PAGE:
In many ways, The Dead Lands is more of an expedition story than it is strictly post apocalyptic; yet in many post-apocalyptic novels characters embark on a journey. Do you think “road trips” are becoming part of a formula for these stories?
That’s the certainly case with The Dog Stars, The Road, Swan Song, and The Stand, among others. But is this really a formula of post-apocalyptic fiction? John Gardner says there are only two types of stories: stranger comes into town or the character goes on a quest. So I guess there’s a fifty/fifty chance you’re going to end up on the trail even if you’re writing about kittens or wizards.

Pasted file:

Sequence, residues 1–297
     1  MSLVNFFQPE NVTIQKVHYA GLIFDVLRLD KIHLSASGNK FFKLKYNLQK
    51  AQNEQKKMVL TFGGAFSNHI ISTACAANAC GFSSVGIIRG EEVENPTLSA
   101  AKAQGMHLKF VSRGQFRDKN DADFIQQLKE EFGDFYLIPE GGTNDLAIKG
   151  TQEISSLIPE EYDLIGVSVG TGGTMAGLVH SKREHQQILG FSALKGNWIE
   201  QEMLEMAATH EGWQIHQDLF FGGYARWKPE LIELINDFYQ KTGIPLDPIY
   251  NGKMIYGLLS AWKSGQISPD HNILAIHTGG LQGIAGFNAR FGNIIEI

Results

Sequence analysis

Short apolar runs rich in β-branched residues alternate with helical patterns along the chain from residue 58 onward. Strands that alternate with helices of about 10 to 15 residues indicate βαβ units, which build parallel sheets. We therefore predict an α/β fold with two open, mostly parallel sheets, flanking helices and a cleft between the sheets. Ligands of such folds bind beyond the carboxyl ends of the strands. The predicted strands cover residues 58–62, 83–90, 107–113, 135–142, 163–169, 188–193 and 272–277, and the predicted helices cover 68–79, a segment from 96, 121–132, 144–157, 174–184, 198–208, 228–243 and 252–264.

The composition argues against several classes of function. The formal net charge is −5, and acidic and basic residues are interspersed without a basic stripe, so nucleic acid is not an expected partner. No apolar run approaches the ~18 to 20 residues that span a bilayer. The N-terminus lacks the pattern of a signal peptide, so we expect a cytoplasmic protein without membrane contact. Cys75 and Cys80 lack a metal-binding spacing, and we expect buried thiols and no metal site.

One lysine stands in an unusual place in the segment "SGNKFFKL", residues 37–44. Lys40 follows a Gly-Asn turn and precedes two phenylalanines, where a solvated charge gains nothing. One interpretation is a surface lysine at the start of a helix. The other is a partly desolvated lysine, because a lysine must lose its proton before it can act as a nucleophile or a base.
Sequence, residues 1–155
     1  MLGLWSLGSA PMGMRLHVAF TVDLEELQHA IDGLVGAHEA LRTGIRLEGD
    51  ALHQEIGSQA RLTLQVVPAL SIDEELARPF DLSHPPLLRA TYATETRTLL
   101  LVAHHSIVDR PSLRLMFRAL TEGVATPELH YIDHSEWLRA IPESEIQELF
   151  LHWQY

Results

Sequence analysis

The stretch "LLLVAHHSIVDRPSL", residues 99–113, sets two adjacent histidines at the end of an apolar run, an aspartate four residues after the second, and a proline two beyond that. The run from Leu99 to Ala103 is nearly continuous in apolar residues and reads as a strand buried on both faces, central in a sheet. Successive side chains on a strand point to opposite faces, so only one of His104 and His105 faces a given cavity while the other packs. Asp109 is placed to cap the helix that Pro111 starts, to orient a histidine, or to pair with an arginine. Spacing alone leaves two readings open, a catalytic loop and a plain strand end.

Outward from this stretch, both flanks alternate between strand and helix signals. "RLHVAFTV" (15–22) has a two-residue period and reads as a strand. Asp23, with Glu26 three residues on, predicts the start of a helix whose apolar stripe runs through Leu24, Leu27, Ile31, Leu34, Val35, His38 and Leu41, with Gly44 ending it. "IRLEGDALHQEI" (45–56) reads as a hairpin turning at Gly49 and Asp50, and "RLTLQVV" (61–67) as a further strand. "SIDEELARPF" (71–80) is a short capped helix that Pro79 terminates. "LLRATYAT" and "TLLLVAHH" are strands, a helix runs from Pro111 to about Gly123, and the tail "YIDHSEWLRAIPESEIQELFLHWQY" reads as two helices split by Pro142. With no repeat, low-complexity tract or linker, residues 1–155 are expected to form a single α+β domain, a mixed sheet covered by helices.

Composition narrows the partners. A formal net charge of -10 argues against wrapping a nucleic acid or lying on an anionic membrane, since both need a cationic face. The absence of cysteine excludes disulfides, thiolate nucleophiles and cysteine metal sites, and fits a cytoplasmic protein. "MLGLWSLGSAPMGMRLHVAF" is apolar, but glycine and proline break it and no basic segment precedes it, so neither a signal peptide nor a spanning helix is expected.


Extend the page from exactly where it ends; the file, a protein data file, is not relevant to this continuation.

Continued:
I love quest stories. But they’re problematic because they’re so often episodic. Huck and Jim go down the river, they get off the raft, hijinks ensue. They get back on the raft, go down the river, get off the raft, hijinks ensue. There’s not a strong sense of propulsion. I was trying to antidote this in The Dead Lands with a number of different structural decisions, among them cutting back to The Sanctuary, post-apocalyptic St. Louis. Though they leave the city, its story doesn’t end.
I found The Dead Lands so refreshing in terms of its readability. You’ve stated before that you grew up on genre fiction. For you, must a good book always entertain on the plot level?